Pry

Pry Build Status Circle Build Status Code Climate Gem Version Documentation Status Downloads

Pry logo

© John Mair (banisterfiend) 2018
(Creator)

© Kyrylo Silin (kyrylosilin) 2018
(Maintainer)

Alumni:

  • Conrad Irwin
  • Ryan Fitzgerald
  • Robert Gleeson

Links:

Table of Contents

Introduction

Pry is a runtime developer console and IRB alternative with powerful introspection capabilities. Pry aims to be more than an IRB replacement. It is an attempt to bring REPL driven programming to the Ruby language.

Key features

  • Source code browsing (including core C source with the pry-doc gem)
  • Documentation browsing
  • Live help system
  • Open methods in editors (edit Class#method)
  • Syntax highlighting
  • Command shell integration (start editors, run git, and rake from within Pry)
  • Gist integration
  • Navigation around state (cd, ls and friends)
  • Runtime invocation (use Pry as a developer console or debugger)
  • Exotic object support (BasicObject instances, IClasses, …)
  • A powerful and flexible command system
  • Ability to view and replay history
  • Many convenience commands inspired by IPython, Smalltalk and other advanced REPLs
  • A wide-range number of plugins that provide remote sessions, full debugging functionality, and more.

Installation

Bundler

“by gem ‘pry’, ‘~> 0.13.1’

Manual

“ gem install pry

Overview

Pry is fairly flexible and allows significant user customization. It is trivial to read from any object that has a readline method and write to any object that has a puts method. Many other aspects of Pry are also configurable, making it a good choice for implementing custom shells.

Pry comes with an executable so it can be invoked at the command line. Just enter pry to start. A pryrc file in $XDG_CONFIG_HOME/pry/ or the user’s home directory will be loaded if it exists. Type pry --help at the command line for more information.

Commands

Nearly every piece of functionality in a Pry session is implemented as a command. Commands are not methods and must start at the beginning of a line, with no whitespace in between. Commands support a flexible syntax and allow ‘options’ in the same way as shell commands, for example the following Pry command will show a list of all private instance methods (in scope) that begin with ‘pa’

“by pry(YARD::Parser::SourceParser):5> ls -Mp –grep ^pa YARD::Parser::SourceParser#methods: parse parser_class parser_type parser_type= parser_type_for_filename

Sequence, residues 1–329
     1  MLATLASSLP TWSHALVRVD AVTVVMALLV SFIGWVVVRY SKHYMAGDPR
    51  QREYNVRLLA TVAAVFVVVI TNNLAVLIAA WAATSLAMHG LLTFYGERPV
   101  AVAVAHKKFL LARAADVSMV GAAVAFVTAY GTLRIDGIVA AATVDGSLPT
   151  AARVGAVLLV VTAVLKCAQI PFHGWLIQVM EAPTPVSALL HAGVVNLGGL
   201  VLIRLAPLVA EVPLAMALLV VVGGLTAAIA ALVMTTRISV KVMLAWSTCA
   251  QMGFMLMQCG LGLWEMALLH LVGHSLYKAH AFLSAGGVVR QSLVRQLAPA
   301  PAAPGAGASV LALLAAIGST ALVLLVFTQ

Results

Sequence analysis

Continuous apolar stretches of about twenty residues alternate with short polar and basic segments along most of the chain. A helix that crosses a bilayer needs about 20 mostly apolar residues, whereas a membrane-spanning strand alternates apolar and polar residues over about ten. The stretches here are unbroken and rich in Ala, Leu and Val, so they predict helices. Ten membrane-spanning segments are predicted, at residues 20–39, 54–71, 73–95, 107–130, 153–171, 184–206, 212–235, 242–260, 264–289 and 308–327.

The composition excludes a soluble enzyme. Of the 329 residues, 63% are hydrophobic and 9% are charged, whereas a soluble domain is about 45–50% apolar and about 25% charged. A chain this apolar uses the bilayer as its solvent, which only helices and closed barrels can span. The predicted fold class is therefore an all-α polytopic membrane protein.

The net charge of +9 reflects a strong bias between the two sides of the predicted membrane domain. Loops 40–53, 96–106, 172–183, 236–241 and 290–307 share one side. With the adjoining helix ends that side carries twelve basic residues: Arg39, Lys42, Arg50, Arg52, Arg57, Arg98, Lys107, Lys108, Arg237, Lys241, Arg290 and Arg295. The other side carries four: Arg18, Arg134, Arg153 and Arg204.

Pry allows us to pop in and out of different scopes (objects) using the cd command. This enables us to explore the run-time view of a program or library. To view which variables and methods are available within a particular scope we use the versatile ls command.

Here we will begin Pry at top-level, then Pry on a class and then on an instance variable inside that class:

“by pry(main)> class Hello pry(main)* @x = 20

pry(main)* end

pry(main)> cd Hello pry(Hello):1> ls -i instance variables: @x pry(Hello):1> cd @x

pry(20):2> self + 10

pry(20):2> cd .. pry(Hello):1> cd .. pry(main)> cd ..

The number after the : in the pry prompt indicates the nesting level. To display more information about nesting, use the nesting command. E.g

“by pry(“friend”):3> nesting Nesting status: 0. main (Pry top level) 1. Hello 2. 100

  1. “friend”

=> nil

We can then jump back to any of the previous nesting levels by using the jump-to command:

“by

pry(“friend”):3> jump-to 1

pry(Hello):1>

Runtime invocation

Pry can be invoked in the middle of a running program. It opens a Pry session at the point it’s called and makes all program state at that point available. It can be invoked on any object using the my_object.pry syntax or on the current binding (or any binding) using binding.pry. The Pry session will then begin within the scope of the object (or binding). When the session ends the program continues with any modifications you made to it.

This functionality can be used for such things as: debugging, implementing developer consoles and applying hot patches.